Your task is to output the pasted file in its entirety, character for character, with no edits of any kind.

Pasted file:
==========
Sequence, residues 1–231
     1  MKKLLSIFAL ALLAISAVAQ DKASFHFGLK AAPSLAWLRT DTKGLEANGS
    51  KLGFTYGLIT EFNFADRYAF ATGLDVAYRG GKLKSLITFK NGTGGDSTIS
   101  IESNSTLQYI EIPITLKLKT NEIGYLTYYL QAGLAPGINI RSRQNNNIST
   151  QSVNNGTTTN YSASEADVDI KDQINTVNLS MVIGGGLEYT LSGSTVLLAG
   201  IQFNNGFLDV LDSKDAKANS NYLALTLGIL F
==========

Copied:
Sequence, residues 1–231
     1  MKKLLSIFAL ALLAISAVAQ DKASFHFGLK AAPSLAWLRT DTKGLEANGS
    51  KLGFTYGLIT EFNFADRYAF ATGLDVAYRG GKLKSLITFK NGTGGDSTIS
   101  IESNSTLQYI EIPITLKLKT NEIGYLTYYL QAGLAPGINI RSRQNNNIST
   151  QSVNNGTTTN YSASEADVDI KDQINTVNLS MVIGGGLEYT LSGSTVLLAG
   201  IQFNNGFLDV LDSKDAKANS NYLALTLGIL F